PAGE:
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Lot 0308
Oil on Canvas, 1934. Adelaide Milton de Groot. Allegorical and bounding with symbolism in this striking painting by New York artist DeGroot. 60" x 40"

The permanent collection of the Metropolitan Museum of Art, New York, includes a large number of paintings by Adelaide Milton de Groot.
Adelaide Milton de Groot (1876-1967), a painter, art collector and philanthropist, was born in New York City and moved with her family to Nice, France, in 1891. For the next 40 years she lived abroad, traveling extensively on the continent and in North Africa. Her affluent socialite family had indulged her desire to be painter, but only with the understanding that she not try to sell any of her works. De Groot set up a studio on the Left Bank, and in the early 1930's had an exhibition there.

In 1933, Miss de Groot returned to the states to take up residence once again in New York City. Valentine Gallery, NYC, mounted a one-woman exhibition of de Groot's paintings in 1936, where in a review in the New York Times, her work was described as "allegorical."A New York Times review (Nov 1, 1958), of the retrospective exhibit of de Groot's paintings at the Hammer Gallery read: "A gentle realist of her chosen manner and through the years she has made a pictorial diary of scenes and persons encountered. These are detached in spirit and by far her best work." De Groot had begun building her art collection while in Paris the early 1920's, by which time she had already begun to achieve recognition as an artist herself. She particularly favored the works by late 19th and early 20th century French artists -- Van Gogh, Toulouse-Lautrec, Utrillo, Sisley, Matisse, Picasso, Bonnard, and Modigliani among them.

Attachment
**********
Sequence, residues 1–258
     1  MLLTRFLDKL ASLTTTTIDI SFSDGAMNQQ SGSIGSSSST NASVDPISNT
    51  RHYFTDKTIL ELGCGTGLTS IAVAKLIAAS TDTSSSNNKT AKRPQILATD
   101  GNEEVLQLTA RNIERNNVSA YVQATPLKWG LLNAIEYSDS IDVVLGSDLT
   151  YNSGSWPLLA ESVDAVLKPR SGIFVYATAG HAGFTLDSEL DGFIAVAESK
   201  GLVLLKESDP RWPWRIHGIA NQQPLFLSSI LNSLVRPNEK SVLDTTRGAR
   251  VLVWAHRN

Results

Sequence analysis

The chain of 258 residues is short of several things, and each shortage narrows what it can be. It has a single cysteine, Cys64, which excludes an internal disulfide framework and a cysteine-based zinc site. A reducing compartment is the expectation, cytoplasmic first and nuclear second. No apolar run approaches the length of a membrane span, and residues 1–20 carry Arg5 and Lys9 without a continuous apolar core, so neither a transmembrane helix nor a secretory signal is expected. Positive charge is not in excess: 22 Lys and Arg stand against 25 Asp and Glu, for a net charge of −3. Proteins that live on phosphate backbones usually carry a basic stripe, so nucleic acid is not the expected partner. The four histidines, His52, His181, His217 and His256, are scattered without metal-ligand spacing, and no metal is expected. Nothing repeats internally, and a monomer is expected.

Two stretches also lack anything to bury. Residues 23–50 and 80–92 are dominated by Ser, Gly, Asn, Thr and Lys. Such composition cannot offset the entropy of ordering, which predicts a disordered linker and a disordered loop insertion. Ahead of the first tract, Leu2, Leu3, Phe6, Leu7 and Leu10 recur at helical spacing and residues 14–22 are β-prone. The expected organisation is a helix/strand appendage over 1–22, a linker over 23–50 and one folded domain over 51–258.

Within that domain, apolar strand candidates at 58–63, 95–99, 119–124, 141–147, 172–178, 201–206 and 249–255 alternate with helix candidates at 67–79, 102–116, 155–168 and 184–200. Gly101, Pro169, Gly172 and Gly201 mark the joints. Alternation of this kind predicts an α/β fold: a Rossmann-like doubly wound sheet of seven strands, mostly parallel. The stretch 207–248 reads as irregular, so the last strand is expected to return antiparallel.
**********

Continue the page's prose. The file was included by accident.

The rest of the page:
From time to time de Groot lent paintings from her collection to galleries and museums for exhibitions, including a 1958 exhibit at New York's Perls Galleries, and an extended loan, ten years, later to the Metropolitan Museum of Art. De Groot's NY Times obituary, dated June 24, 1967, quotes her saying of her collection: "I never believed in shutting up pictures. I want them to be seen."

Upon her death in 1967, Ms. de Groot's vast collection of 212 paintings, in addition to those she had done herself, was bequeathed to the Metropolitan Museum. A controversy arose, bringing severe criticism and an inquiry by the State Attorney General, when it was discovered that several of those paintings -- including important works by Van Gogh and Rousseau -- had been sold, contrary to the terms of the will.

This is an unreserved auction with no minimums. This is an online only sale. Items may be viewed upon appointment in New York City.

Condition: Small repair to the canvas in the upper right hand portion of the painting. See images. Notice to bidders: More detailed condition reports and additional photographs are available by request. The absence of a condition report does not imply that the lot is in excellent condition. Please message us through the online bidding platform or call Guernsey's at 212-794-2280 to request a more thorough condition report.

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De Groot, Surreal Evening Oil Painting

Estimate $9,000 - $12,000
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New York, NY, USA